Young men who don’t know how to deal with their emotions may also lash out through physical or emotional abuse. Or they may turn it inward and face addiction, depression or even suicide. And since they’ve been conditioned not to ask for help, as Wong states, they’re far less likely to seek mental health treatment if they have depression, anger issues or addiction.

Teach boys to express their emotions

But boys can reject these ideas of toxic masculinity. Parents can teach their sons from an early age that it’s okay to express their emotions. Explain that there is no such thing as “good” or “bad” emotions. Tell them that we all feel different ways at different times, and it’s okay to feel sad, scared or hurt. Fraser Mental Health Professional Amber Max suggests one way to help kids cope is by naming and labeling what they’re feeling.

“Once kids name the feeling, like saying ‘I’m nervous or overwhelmed,’ that can ground them and help them feel better,” says Max. “That then leaves space to figure out how to address those feelings.”

Teach boys it’s okay to be vulnerable and ask for help

Teach your son that it’s okay to be vulnerable and ask for help by modeling this behavior. When you find yourself feeling frustrated, say, “I feel so frustrated.” Then stop, take some deep breaths and ask for help. This shows your son how to label his feelings, take a break and show vulnerability by asking for help.

Or, if your son asks you a question and you don’t know the answer, it’s okay to admit you don’t know. Then say, “Why don’t we look it up on the computer together, or let’s go find the answer together.” Your child learns that no one has all the answers, and sometimes, even adults need help.

Teach boys how to manage their anger

Teaching boys how to manage emotions like anger is an important skill. Fraser Sensory Inclusion Specialist Gina Gibson has an exercise that helps young children calm down when they feel angry or overwhelmed. During the exercise, a child holds out their hand and pretends each finger is a candle. Then they breathe in through their nose — like they’re smelling flowers — and breathe out long and slow to blow out each candle on each finger. After they blow out each candle, the child should count the finger, making sure to blow out all five candles. This forces children to focus on their body and breathing, rather than worrying about what made them angry.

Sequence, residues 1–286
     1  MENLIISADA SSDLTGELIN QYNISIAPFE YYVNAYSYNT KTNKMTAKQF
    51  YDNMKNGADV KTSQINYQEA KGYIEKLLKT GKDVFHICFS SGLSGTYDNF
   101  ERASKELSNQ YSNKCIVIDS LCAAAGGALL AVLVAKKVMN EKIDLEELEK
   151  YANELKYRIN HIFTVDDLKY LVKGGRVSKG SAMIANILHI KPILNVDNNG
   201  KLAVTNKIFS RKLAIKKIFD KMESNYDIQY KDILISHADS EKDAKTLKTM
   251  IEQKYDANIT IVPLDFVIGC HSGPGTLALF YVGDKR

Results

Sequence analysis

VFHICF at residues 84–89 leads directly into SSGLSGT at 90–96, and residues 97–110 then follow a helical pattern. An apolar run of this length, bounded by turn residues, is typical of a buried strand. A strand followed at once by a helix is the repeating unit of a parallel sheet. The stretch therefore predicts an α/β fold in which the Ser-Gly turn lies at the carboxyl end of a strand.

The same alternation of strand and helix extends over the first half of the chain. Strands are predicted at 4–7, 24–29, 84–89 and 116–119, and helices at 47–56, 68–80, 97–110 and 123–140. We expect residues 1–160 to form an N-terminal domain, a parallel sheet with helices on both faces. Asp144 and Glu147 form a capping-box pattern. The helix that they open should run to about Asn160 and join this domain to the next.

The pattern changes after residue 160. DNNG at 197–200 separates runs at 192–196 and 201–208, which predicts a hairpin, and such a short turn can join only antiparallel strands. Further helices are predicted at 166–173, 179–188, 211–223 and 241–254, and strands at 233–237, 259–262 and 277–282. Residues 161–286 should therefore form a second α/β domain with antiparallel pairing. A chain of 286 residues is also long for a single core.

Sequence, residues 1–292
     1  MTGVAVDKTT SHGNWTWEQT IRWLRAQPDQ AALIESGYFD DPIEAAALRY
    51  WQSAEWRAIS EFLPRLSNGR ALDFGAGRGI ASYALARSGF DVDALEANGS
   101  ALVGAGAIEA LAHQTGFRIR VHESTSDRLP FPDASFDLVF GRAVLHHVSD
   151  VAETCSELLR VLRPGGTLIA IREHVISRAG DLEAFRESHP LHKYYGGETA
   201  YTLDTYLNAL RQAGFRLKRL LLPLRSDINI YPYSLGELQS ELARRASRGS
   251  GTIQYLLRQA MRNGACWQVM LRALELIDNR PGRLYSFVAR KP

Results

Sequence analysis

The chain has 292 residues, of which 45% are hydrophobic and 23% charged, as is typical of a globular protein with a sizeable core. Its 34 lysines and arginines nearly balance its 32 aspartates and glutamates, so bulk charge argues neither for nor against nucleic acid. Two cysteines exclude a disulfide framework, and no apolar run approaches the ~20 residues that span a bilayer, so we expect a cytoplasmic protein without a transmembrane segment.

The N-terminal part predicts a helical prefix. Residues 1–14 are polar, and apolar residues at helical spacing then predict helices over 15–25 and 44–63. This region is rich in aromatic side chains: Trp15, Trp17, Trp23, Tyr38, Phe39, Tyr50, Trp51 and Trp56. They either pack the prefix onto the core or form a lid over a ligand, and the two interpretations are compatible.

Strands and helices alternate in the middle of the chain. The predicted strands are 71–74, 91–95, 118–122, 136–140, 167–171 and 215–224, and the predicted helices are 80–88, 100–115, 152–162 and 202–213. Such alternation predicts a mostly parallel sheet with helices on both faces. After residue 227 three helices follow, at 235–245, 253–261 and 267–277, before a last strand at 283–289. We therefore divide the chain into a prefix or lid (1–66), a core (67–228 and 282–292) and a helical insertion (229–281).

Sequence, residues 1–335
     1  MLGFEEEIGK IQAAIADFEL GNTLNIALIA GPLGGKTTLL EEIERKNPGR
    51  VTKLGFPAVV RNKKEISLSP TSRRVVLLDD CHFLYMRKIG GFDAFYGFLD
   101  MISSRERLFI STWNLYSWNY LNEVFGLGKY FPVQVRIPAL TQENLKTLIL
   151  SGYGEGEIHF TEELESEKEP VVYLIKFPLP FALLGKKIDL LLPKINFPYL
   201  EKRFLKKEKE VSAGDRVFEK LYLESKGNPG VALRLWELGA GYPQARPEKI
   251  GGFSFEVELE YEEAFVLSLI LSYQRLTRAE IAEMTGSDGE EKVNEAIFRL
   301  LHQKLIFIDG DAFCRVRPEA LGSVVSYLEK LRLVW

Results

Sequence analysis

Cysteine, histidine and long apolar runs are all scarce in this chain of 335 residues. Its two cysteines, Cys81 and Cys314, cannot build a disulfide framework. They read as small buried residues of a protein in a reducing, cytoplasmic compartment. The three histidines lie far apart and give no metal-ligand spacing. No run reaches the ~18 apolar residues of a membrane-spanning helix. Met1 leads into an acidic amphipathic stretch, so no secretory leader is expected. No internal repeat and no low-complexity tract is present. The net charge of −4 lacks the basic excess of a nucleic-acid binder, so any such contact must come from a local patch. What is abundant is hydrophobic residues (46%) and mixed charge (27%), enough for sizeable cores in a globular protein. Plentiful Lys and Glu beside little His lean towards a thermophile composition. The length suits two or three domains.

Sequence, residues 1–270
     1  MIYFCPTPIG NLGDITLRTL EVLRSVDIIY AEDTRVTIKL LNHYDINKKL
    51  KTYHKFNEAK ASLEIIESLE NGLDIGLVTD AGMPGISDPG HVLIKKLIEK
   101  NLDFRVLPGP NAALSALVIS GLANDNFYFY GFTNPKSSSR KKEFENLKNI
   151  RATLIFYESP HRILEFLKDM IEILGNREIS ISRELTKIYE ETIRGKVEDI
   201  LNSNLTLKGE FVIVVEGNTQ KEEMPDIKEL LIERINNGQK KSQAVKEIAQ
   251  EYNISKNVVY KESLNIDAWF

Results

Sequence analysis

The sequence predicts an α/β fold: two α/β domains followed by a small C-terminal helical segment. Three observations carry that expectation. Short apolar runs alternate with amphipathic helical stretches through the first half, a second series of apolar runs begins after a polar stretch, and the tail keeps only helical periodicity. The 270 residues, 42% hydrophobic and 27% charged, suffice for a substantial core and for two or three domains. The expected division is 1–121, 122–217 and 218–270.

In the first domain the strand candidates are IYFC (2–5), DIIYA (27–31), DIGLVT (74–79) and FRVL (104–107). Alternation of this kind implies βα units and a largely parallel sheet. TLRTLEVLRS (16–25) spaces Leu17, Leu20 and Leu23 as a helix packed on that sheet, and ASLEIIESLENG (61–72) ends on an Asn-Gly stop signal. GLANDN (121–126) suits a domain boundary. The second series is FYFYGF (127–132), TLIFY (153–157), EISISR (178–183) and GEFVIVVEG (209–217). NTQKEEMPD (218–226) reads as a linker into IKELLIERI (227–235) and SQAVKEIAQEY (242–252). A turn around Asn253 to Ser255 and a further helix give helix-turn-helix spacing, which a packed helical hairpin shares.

For older boys, you can recommend they do an activity like going for a run, kicking a soccer ball around the yard, having a “rock out” dance party or simply taking a break and stepping away from the situation.

It’s also important to tell your son he can talk to you about his feelings. Let him know that if anything feels too big to handle on his own, you can talk about it and figure it out together.

And if you think your son might benefit from talking to a professional, you can reach out to your pediatrician, doctor or call the Fraser Hope Line at 612-446-HOPE (4673) to connect directly with a care advocate.